Every Purim as we celebrate the victory of the Jewish underdog in exile, we are reminded of antisemitism’s most ancient roots. Throughout the Hebrew Bible, enemies of the Jews killed for “rational” reasons. Pharaoh worried that the meteoric population increase of the Jews in Egypt would create a fifth column. Israelites at risk in their desert wanderings were regarded as a military threat. Even when Amalek attacked the young and the elderly, theirs was a detestable strategy but one used in a state of war. Elie Wiesel once asked a perplexing question: “Which is worse: killing with hate or killing without hate?” Enter Haman. Haman might have the dubious honorific of being the first recorded antisemite. He was the first to kill Jews simply because he hated them, a hate that was deep and irrational.
In addition to all the revelry, the Book of Esther reminds us to take time to reflect on the phenomenon of antisemitism and note its pernicious origins and its stubborn constancy. This year, to aid us in this reflection, Deborah Lipstadt’s new bestselling book, Antisemitism: Here and Now, frames antisemitism (her spelling – and explained in the book) as an outgrowth of prejudice: “Prejudice is the act of negatively prejudging or assessing someone’s personal character and behaviors based on stereotypical beliefs about the racial, ethnic, religious, cultural, political, or geographic group to which she belongs.” Lipstadt, in accessible language, contends that the antisemitism of Haman’s variety is not a thing of the past but is, tragically, here and now. To enhance Lipstadt’s reading, The Covenant Foundation supported the creation of a study and teaching guide to the book that contains chapter-by-chapter questions, an interview with the author, case studies and interactive exercises to enrich and personalize the reading experience.
Using Lipstadt’s definition, Haman, in making his case against the Jews, notes how different Jews are from all the others in Ahasuerus’ vast empire: “Haman then said to King Ahasuerus, ‘There is a certain people, scattered and dispersed among the other peoples in all the provinces of your realm, whose laws are different from those of any other people and who do not obey the king’s laws; and it is not in your Majesty’s interest to tolerate them” [Esther 3:8].
The fragment – “there is a certain people” – alerts us immediately to Haman’s evil machinations. He has singled out the Jews by observing their differences, a claim that, in and of itself, was true for every one of the king’s 127 provinces, an empire of multiple languages, faiths and customs. Sixteenth century commentator R. Joseph ibn Yahya from Portugal, explains that in concept Haman’s claims were true: “There is a nation whose characteristics and behaviors are different from others. They don’t eat, drink or marry others…” Hatred of difference is despicable enough. But Haman drew two extraordinary conclusions based on his observations that lace religious intolerance to this day: this certain people do not observe the king’s laws, and, as a result, they should be killed.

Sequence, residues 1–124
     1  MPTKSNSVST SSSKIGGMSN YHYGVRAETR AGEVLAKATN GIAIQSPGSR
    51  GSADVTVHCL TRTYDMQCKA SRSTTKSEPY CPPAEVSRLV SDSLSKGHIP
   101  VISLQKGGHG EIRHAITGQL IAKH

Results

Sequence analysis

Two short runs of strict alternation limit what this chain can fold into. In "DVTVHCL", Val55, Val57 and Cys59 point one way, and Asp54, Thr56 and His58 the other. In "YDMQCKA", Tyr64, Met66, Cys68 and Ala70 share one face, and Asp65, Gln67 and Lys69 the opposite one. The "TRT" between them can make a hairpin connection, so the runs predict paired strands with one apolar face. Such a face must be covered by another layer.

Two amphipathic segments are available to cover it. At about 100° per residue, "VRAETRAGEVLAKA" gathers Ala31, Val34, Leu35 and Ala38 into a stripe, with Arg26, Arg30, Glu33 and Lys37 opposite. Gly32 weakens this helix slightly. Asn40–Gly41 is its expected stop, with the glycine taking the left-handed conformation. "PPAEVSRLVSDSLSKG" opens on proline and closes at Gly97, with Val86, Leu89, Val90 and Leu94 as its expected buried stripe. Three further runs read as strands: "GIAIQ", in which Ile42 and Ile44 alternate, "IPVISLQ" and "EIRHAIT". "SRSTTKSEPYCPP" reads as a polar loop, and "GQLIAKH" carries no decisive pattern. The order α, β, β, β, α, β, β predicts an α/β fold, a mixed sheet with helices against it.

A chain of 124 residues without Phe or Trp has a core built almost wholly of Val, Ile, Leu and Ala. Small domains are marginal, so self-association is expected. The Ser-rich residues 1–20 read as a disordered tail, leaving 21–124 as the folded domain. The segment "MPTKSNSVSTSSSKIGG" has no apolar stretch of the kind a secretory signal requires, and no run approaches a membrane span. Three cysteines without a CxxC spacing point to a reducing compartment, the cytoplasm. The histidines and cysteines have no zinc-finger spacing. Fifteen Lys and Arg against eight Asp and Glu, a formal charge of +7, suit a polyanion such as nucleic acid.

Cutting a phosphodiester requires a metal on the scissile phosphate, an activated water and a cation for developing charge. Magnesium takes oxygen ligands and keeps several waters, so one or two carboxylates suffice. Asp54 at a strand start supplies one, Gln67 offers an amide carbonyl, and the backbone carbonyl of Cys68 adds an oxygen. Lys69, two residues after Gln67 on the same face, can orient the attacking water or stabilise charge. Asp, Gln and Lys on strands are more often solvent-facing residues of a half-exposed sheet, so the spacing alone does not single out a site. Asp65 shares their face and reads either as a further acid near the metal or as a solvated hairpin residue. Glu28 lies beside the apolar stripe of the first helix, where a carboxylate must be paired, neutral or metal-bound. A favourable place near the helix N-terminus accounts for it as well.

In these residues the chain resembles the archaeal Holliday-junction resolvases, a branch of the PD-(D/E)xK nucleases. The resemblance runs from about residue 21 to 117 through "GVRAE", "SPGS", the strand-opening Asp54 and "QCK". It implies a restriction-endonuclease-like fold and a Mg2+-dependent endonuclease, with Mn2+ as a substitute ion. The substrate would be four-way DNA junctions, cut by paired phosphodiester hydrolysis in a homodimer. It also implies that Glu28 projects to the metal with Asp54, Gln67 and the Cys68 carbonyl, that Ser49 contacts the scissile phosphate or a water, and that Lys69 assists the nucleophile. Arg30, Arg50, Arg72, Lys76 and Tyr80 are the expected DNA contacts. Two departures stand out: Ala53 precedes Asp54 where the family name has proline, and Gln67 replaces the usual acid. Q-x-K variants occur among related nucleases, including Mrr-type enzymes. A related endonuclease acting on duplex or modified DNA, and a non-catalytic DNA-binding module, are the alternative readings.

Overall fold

The claim that Jews did not observe the king’s law profoundly troubled exegetes for centuries, given the Talmud’s insistence that “the law of the land is law” [See, for example, BT Bava Kama 113a-b, BT Gitten 10b]. Jews must always observe the laws of their reigning government. This principle is derived from Jeremiah’s remonstration that Jews in exile must pray for the welfare of their government [Jeremiah 29:7]. Rashi, among others, ponders what Haman could have meant and concludes that Jews did “not pay taxes for the king’s work.” Yet Jews must have paid taxes because Haman had to bolster the king’s coffers to compensate for the revenue from the empire’s Jews. Haman scapegoats the Jews, all the while covering his own barely disguised desires for the king’s throne. Perhaps what ultimately undoes Haman is that far from the Jews being disobedient, the Jews of the ancient Persia were far more loyal and devoted to the king than Haman and his devotees.
In Character and Ideology in the Book of Esther, Bible professor Michael V. Fox departs from his own scholarly tone to share his emotions as he listens to the megillah each year, “As the annual reading of the Esther Scroll comes to an end, I breathe a sigh relief, but this expresses a prayer more than a certitude…” This Purim, as we hear the megillah, we are more likely to hold our breaths than collectively breathe a sigh of relief. The antisemitism of there and then has sadly become the hatred of here and now as Haman’s canards return to haunt us again and again. Most of us respond to antisemitism with the heart. Antisemitism: Here and Nowreminds us that the only way to combat antisemitism is with the mind. Inspired by Purim, this year let’s make a commitment to be better informed.